As I explained in a previous post, “Critical Race Theory,” with its denial of objective morality and neutral principles of justice, is essentially metaphysical materialism applied to race relations. While CRT has received a lot of media attention in recent days, “critical studies” of various stripes have been around for a long time. I was first exposed to them when I was in law school in the 80’s and learned about critical legal theory (“CLT”). Proponents of CLT (often called “Crits”) assert that the law is just another tool oppressors use to victimize the oppressed. Harvard’s The Bridge project summarizes CLT as follows:
A family of new legal theories, launched since 1970, share commitments to criticize not merely particular legal rules or outcomes, but larger structures of conventional legal thought and practice. According to critical legal scholars, dominant legal doctrines and conceptions perpetuate patterns of injustice and dominance by whites, men, the wealthy, employers, and heterosexuals. The ‘Crits’ argue that prevailing modes of legal reasoning pretend to afford neutral and objective treatment of claims while shielding structure of power from fundamental reconsideration. Critical theorists also maintain that despite the law’s claims to accord justified, determinate and controlled expressions of power, law fails on each of these dimensions and instead law mystifies outsiders in an effort to legitimate the results in courts and legislatures.
Sound familiar? CLT, like its sister CRT, is in its essence applied metaphysical materialism. Only instead of race, CLT is applied to law. Crits assert that while the law pretends to apply neutral legal principals, it does not. Indeed, “neutral legal principle,” like “objective moral principle,” is a meaningless phrase. In a universe devoid of ultimate meaning and objective morality, there cannot be such a thing as an objective legal principle. There is only power and those who have it and those who don’t, and the law is nothing but a power game used by oppressors to keep their victims down.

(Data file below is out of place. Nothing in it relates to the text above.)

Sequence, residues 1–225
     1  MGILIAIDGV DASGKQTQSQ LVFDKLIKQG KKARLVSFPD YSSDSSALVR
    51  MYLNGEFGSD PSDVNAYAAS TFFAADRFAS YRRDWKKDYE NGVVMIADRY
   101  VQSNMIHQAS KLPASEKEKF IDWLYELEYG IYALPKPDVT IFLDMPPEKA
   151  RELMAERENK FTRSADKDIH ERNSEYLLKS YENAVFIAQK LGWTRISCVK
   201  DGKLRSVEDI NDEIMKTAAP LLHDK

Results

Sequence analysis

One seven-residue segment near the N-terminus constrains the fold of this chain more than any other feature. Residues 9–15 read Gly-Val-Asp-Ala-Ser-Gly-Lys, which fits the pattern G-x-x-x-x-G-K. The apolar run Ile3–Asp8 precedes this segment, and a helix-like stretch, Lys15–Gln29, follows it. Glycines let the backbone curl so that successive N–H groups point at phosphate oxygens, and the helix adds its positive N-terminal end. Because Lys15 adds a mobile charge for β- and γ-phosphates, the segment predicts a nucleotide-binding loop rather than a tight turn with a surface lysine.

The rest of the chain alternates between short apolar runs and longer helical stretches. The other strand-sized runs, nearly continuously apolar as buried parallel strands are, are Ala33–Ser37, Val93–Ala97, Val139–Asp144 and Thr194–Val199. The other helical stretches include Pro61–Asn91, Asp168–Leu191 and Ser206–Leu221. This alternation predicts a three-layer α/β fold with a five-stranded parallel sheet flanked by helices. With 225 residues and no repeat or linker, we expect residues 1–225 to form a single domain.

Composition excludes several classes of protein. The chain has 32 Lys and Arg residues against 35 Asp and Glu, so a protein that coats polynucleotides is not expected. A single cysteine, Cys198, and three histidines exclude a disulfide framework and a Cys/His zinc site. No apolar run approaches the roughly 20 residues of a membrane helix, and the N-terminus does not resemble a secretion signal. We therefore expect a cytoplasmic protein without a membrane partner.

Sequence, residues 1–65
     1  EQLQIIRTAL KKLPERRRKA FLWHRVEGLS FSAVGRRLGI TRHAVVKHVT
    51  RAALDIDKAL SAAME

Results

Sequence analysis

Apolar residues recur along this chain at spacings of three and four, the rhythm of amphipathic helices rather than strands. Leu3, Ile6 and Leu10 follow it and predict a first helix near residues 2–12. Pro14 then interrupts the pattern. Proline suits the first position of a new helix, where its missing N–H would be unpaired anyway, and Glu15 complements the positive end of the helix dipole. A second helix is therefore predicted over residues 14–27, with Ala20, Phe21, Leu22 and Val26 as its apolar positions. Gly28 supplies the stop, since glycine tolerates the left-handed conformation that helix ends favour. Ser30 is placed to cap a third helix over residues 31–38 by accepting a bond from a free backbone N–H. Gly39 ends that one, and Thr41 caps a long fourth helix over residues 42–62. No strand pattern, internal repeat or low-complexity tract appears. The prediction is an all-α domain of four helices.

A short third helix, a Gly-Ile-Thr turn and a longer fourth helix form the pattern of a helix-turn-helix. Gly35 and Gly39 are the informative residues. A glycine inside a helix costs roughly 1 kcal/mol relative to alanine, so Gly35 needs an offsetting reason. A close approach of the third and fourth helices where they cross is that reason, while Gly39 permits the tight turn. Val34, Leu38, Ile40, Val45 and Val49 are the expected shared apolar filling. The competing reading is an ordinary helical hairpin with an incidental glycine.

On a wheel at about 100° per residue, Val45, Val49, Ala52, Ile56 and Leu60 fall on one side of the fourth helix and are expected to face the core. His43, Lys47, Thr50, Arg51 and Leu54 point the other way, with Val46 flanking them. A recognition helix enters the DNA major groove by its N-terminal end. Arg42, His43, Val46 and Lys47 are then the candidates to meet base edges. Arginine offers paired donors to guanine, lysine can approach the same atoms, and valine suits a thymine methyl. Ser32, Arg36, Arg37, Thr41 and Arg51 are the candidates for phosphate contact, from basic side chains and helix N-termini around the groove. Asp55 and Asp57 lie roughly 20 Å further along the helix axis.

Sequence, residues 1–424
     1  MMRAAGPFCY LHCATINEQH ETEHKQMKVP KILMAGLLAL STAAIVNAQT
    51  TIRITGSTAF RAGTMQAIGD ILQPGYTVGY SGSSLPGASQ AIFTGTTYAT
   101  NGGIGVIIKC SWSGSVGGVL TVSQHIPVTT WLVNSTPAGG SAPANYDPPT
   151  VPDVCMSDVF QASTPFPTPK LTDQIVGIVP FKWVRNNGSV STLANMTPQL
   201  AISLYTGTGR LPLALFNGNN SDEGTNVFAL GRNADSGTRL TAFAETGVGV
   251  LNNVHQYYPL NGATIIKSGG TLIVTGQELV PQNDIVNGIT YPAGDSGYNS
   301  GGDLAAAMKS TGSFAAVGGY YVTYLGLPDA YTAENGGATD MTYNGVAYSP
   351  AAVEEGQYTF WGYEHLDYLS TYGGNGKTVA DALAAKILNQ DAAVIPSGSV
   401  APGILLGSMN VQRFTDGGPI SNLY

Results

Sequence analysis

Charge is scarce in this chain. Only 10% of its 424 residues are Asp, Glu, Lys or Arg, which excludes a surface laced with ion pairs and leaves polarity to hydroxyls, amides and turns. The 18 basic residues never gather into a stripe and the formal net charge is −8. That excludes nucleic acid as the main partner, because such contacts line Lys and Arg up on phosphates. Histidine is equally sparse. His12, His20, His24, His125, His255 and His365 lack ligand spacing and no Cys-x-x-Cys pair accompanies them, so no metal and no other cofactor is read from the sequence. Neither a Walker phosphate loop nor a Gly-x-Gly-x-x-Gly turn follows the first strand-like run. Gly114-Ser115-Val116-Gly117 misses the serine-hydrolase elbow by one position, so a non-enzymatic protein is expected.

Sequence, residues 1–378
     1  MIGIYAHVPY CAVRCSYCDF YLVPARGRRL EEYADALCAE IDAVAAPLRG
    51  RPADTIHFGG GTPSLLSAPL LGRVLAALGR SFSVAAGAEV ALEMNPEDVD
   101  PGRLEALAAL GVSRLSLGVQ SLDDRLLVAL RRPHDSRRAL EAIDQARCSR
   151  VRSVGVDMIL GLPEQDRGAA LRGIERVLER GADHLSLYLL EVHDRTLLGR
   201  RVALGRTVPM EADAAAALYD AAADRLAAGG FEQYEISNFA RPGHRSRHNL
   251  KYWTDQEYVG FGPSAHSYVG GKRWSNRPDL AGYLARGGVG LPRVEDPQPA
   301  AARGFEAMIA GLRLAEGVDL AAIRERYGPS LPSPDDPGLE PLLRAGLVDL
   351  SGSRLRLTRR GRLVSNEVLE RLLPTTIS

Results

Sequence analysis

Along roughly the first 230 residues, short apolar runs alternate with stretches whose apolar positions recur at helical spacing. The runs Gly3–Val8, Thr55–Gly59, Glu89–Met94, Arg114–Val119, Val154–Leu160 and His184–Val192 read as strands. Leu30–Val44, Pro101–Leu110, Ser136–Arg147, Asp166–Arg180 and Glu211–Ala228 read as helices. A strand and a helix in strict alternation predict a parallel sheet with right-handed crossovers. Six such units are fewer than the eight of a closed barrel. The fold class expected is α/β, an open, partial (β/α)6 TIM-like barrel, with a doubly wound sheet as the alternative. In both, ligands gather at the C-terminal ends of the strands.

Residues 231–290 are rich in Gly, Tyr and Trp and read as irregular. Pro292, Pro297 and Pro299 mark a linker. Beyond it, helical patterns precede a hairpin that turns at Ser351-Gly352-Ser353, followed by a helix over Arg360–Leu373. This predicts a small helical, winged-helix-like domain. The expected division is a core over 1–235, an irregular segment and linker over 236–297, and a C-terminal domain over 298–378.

In practice CLT plays out in predictable ways. Instead of applying neutral legal principles to the facts of a case, Crits decide cases by reference to which party “should” win based on whether they are a member of a marginalized group. Crits have a problem though. American law requires judges to write opinions justifying their decisions by reference to pre-existing legal principles. And since “the defendant was __ [pick your oppressor: “white, male, wealthy, an employer, heterosexual, etc.”] and therefore had to lose” is not yet a recognized legal principle, Crits must pretend to apply real legal principles to reach their preordained result. Quite often this process results in opinions that are vast word salads filled with gobbledygook masquerading as legal reasoning. But Crits don’t care that their opinions are filled with non sequiturs and contradictions, because, as I noted in my previous post, under critical theory, rationality itself must be subordinated to the goal of achieving politically desirable outcomes.
As one might imagine, very often judges who apply CLT-type “results first, reasons later” methods bump up against other judges who apply the neutral legal principles developed over the course of centuries. Again, Crits don’t care; they just keep coming. The late Ninth Circuit Judge Stephen Reinhardt was one of the most famous judges who routinely ignored binding legal principles in arriving at lawless outcomes. The Supreme Court reversed him many times, and when this was pointed out to him, he famously replied, “they can’t catch ‘em all.” And of course, he was correct. The Supreme Court has a limited capacity to review cases, and it is easy for a lawless judge to overwhelm its ability to catch and reverse all his escapades into CLT land.
Whenever one of my clients has the misfortune of drawing a radical leftist judge (unsurprisingly, CLT finds its expression exclusively on the left), I must go through a by now all-too-familiar litany. I give the client the bad news and explain there is a near 100% certainty they will lose at the trial court level, and therefore they should be prepared to either see the case through to an appeal or drop it immediately. (I suppose that what the legal rule “the party whom the judge favors always wins” lacks in subtlety, it makes up for in near certain predictability.) Some clients bail out; others soldier on. I have never been wrong in my prediction. I lost all of those cases at the trial court level, but I often won on appeal.